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A Human Approach to Machine Translation

Laura Casanellas is a machine translation expert with 20 years of experience in the localization industry. In total, eight of those years she has spent working in machine translation.

During her career, she’s had the opportunity to work in many different positions, such as vendor management, quality management and programme management.

She’s also been part of a machine translation provider’s internal team, working as a product manager and heading up their professional services team.

Laura has trained internal teams in machine translation technology and mentored them during the process of acquisition and deployment of MT.

All of these things have given her a very unique position of being able to assess how MT affects all aspects of the localization workflow.

Laura’s approach to machine translation is a very human one, taking something that’s very technical, very complicated, and making it easily understandable to non-technical people.

“I had to do it for myself when I started with machine translation because I am not a technical person per se,” Laura said.

“I’ve learned a lot since I started, but I come from a linguistic background myself, so I needed to first make sense of it in my head to be able to then teach and make sure our team understood it, which was my first task.”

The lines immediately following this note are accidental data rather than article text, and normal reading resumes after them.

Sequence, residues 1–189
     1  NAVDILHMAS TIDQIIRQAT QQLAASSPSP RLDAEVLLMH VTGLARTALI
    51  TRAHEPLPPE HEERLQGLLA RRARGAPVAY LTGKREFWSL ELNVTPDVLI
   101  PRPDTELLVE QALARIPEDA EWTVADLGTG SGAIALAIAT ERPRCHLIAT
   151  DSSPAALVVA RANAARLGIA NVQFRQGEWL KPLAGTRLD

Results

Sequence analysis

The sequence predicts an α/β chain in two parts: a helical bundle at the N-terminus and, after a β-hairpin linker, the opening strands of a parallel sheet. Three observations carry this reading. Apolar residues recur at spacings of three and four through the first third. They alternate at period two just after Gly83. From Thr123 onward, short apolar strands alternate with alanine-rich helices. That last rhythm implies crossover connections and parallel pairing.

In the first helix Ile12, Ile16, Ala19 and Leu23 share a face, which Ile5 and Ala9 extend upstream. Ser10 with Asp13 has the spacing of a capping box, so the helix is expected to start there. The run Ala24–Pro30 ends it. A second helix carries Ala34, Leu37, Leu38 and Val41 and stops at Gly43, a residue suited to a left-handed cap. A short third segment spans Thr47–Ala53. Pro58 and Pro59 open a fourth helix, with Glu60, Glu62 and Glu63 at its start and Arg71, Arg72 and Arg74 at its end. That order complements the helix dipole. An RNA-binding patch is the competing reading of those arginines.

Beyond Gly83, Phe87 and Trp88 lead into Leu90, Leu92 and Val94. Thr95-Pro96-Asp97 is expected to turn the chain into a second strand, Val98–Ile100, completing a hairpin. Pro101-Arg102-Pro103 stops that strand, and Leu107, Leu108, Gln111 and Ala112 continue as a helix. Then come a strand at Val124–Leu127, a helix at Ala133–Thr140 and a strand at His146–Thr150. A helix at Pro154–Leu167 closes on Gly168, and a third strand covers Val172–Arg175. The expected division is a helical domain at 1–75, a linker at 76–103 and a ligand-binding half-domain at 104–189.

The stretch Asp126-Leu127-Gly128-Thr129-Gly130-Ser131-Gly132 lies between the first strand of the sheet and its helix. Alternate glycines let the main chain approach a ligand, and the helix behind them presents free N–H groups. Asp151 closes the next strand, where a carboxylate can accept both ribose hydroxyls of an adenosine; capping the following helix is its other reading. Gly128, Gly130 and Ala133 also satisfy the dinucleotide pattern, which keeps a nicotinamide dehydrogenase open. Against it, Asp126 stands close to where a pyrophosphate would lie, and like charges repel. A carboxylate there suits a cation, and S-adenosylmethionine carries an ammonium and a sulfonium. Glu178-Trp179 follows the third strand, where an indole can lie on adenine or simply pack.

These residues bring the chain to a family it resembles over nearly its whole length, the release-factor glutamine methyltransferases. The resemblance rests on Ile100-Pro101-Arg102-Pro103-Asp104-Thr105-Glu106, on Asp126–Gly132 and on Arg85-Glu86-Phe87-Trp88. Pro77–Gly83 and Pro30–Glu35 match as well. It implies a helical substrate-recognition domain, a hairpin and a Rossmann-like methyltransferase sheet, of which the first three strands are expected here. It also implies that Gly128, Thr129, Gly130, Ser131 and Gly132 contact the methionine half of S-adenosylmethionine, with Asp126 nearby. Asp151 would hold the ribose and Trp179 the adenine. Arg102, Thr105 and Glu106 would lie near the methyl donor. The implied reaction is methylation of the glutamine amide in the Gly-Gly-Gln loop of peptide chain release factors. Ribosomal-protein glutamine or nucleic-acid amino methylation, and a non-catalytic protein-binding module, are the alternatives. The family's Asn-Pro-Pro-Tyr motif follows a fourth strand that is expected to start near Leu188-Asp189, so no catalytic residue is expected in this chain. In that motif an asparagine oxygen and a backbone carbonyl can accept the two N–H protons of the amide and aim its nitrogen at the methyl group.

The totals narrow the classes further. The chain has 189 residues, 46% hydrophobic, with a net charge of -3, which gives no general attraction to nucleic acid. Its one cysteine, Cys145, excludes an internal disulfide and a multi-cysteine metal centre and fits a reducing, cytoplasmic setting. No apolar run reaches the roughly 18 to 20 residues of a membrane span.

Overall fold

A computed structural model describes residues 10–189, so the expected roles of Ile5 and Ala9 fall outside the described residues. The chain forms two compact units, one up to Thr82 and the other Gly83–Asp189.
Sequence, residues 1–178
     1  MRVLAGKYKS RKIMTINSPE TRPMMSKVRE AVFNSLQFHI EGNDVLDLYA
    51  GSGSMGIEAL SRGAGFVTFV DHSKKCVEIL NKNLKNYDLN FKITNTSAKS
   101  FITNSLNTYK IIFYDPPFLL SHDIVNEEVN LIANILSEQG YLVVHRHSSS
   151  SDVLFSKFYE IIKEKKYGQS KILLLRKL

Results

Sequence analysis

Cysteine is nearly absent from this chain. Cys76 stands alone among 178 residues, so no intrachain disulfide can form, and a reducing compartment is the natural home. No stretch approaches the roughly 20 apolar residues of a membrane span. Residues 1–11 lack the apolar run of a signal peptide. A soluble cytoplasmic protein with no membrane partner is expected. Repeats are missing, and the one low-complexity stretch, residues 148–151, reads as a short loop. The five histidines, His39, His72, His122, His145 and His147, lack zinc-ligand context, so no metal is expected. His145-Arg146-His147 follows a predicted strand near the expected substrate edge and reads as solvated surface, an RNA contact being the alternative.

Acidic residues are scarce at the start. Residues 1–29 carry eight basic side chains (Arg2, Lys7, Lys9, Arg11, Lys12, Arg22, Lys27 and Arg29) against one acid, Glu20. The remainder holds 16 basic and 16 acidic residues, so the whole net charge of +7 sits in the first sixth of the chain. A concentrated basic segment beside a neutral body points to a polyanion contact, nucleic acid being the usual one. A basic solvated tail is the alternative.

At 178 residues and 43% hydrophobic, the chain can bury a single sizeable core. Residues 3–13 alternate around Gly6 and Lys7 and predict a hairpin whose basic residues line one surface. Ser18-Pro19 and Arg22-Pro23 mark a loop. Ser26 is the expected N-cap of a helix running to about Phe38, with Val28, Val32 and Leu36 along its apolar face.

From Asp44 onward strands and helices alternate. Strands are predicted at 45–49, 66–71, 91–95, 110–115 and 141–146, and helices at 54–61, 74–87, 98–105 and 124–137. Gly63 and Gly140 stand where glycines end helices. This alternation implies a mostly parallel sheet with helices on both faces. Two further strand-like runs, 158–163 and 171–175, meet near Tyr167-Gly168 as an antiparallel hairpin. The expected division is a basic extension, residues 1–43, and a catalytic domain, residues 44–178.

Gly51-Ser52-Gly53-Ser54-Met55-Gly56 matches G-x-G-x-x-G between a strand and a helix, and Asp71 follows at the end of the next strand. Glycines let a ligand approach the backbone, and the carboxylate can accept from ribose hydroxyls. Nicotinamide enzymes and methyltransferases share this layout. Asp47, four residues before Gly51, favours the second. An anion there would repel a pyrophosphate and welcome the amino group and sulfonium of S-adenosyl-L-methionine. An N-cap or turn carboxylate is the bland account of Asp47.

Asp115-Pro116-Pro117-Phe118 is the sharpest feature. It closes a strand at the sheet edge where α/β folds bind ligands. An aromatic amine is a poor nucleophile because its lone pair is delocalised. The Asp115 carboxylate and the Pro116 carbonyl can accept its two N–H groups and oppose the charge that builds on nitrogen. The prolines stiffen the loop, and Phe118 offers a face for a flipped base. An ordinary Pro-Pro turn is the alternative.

Laura recognises that some people may feel uncomfortable with the pace of technological change in localization, but she believes that MT is just one more new technology in an industry that is heavily reliant on technology already.

“I think something that is true – and it’s not related to machine translation specifically – is that humans feel that technology is running ahead of us and that makes us feel really uneasy and uncomfortable,” she said.

“But on the other hand, we are very quick to adapt to new technologies – like we all have smartphones. We don’t think about it anymore.

“So what I mean is that it’s just another technology to help us in localization where there are a lot of technologies already.”

In her role as a MT trainer and mentor, Laura considers fear to be the main obstacle preventing new adoption of the technology.

“From my point of view, what I see is that one of the main obstacles is fear. It’s just pure human fear to the unknown,” she said.

“People will say ‘I don’t know how to implement this. I don’t know if it is for me. Is it going to work for my content? How am I going to onboard my vendors or my freelancers? How am I going to price this? Am I going to make a profit?’ Those are some of the questions that people rightly ask.”

“So I always say, ‘Try it. Just start,’ right? I mean you are not going to lose that much for trying to make it work for you.”

And when you start, Laura advises keeping it simple, starting small and learning from your mistakes.

“Keep it simple and start small – unless obviously a client comes and says I want this and I want it in so many languages.

“But if somebody is doing it just to test and to learn, just do it small with a couple of language pairs, maybe a couple of machine translation providers. And while you are doing it, learn, make loads of mistakes. Learn from them.”

“So just start small. You don’t commit any risks and you learn what you are doing.”

If you want to know more about this area, visit Lion People Global’s website where you can watch back our LT Talks series of videos where we have talked to some of the industry leaders in localization for their insights into the world of translation.

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